Jamie Gold Collects $120,952 in $1,500 No Limit Hold'em EventPublished on July 2nd, 2015 8:29 am EST
Earlier today, 2006 World Series of Poker champion Jamie Gold collected his largest cash in nearly a decade when he finished in fifth place in Event #59 ($1,500 No Limit Hold'em) for $120,952.
In 2006, Jamie Gold burst onto the scene when he amassed a large stack and demolished the rest of the field in the World Series of Poker main event. The blueberry eating, baseball cap wearing Gold, who infuriated many of his fellow tablemates with his loose play and incessant trash talking, would eventually take down $12 million for his main event victory (that payday would be significantly reduced, however, after Gold settled with TV producer Crispin Leyser. Gold reportedly promised half of his winnings to Leyser, and the two would eventually settle out of court).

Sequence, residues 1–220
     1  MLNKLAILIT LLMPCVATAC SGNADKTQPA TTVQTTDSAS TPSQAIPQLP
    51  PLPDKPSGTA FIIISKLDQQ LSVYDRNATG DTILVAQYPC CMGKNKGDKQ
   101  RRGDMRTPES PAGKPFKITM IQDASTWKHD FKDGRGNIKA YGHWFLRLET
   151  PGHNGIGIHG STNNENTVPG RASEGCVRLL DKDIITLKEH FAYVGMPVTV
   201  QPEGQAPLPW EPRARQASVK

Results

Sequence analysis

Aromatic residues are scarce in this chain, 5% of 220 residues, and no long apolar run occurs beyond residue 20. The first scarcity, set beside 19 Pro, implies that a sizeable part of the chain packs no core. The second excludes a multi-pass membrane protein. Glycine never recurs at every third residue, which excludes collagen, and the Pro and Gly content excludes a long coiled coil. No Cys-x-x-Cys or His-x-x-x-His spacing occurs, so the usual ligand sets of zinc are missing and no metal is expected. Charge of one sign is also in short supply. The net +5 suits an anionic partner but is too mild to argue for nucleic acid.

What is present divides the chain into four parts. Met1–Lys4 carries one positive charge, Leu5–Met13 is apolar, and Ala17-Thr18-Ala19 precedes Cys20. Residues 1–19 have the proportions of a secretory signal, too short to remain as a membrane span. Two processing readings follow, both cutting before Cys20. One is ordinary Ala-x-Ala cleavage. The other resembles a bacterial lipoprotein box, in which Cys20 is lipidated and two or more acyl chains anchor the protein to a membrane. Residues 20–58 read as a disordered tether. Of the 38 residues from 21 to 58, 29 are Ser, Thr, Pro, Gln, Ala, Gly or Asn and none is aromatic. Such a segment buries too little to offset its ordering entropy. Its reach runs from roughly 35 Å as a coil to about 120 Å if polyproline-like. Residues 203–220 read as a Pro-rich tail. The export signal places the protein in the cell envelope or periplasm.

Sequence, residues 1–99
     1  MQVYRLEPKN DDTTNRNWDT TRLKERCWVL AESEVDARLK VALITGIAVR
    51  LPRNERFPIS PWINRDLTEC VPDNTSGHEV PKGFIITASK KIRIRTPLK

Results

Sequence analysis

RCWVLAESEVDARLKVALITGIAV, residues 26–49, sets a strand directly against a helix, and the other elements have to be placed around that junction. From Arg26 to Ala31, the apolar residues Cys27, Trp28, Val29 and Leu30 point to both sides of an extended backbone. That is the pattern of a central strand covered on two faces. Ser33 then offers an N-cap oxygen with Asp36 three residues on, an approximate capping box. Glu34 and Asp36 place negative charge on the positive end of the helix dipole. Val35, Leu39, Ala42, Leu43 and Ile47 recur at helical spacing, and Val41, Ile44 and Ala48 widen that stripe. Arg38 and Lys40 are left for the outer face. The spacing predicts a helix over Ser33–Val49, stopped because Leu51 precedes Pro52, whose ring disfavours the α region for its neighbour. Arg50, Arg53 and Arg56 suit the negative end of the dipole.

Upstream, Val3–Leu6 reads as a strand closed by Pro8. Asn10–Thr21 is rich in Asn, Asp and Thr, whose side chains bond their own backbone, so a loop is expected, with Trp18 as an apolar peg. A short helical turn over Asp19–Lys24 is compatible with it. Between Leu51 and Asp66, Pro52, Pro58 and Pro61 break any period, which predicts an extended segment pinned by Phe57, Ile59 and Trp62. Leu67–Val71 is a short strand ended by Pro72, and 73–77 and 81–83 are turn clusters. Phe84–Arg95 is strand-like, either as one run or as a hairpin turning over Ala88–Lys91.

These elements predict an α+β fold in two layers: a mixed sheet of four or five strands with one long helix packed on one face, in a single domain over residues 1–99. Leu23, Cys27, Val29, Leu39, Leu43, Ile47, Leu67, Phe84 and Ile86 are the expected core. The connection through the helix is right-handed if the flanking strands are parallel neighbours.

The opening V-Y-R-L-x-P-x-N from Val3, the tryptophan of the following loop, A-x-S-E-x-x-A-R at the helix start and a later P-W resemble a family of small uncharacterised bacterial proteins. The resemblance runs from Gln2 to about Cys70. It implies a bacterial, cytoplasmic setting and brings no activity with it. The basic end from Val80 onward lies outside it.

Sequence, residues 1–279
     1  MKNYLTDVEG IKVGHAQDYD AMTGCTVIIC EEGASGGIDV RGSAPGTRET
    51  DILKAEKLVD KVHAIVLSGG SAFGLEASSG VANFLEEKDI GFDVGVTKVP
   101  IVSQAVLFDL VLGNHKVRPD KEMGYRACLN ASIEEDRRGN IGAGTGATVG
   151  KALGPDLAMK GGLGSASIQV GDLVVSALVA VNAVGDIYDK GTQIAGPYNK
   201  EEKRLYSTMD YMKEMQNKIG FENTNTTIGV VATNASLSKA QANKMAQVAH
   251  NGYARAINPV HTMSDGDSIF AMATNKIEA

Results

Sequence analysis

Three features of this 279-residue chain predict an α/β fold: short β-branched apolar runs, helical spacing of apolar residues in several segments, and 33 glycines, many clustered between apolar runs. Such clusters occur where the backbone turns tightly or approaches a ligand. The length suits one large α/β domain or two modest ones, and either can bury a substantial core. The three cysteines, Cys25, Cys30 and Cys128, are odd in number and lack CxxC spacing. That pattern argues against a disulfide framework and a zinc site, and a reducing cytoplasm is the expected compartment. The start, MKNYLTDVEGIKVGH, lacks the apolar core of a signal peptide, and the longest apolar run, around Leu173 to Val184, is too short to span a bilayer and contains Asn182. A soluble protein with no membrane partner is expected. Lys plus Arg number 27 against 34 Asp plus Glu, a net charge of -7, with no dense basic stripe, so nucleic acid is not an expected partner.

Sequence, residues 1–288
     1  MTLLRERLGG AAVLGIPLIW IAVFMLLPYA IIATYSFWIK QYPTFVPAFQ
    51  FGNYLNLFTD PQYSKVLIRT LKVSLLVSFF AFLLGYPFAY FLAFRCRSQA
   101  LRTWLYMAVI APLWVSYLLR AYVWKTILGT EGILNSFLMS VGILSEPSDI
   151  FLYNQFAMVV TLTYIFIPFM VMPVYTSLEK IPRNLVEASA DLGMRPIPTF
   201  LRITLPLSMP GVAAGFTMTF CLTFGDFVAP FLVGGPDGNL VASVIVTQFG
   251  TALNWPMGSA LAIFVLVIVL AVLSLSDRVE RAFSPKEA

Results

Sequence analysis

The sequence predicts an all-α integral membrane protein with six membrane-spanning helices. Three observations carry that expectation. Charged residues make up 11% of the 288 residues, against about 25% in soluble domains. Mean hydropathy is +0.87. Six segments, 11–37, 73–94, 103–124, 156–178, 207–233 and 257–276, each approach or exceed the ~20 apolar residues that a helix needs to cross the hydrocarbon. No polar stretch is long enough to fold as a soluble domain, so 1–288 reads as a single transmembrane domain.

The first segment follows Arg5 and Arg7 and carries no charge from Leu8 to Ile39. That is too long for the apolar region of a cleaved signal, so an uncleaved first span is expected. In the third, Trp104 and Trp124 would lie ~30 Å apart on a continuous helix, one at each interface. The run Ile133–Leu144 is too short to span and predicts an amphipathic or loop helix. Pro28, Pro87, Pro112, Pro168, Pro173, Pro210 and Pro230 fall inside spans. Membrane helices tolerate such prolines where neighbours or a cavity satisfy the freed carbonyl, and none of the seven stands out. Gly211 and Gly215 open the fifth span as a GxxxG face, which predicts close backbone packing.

Following his massive victory, Gold made the rounds on the tournament circuit, collecting a number of four and five-figure scores. There were, however, no big paydays for Gold after his World Series of Poker main event victory, and he eventually faded out of the spotlight.
At the time of his main event victory, Jamie Gold was #1 on the all-time tournament money list. With each passing day, more and more players passed Gold on the list, until he eventually fell out of the top 10.
Over the years, Jamie Gold has been involved in a number of different ventures, including FreeGoldPoker.com and the "Jamie Gold Poker Room" at the Tropicana Las Vegas. In addition, he remained fairly active in lower buy-in tournaments and cash games in the Las Vegas and Los Angeles areas.
Earlier this past week, Gold appeared in Event #59 of this year's World Series of Poker and started amassing a respectable stack. In the end, Gold was able to make the final table before eventually bowing out in 5th place.
Gold's cash of $120,952 is his largest since winning the 2006 World Series of Poker.
As a result of his cash, Gold now sits in 14th spot on the all-time tournament money list, one spot ahead of J.C. Tran and one spot behind Michael "The Grinder" Mizrachi.
Filed Under: The World Series of Poker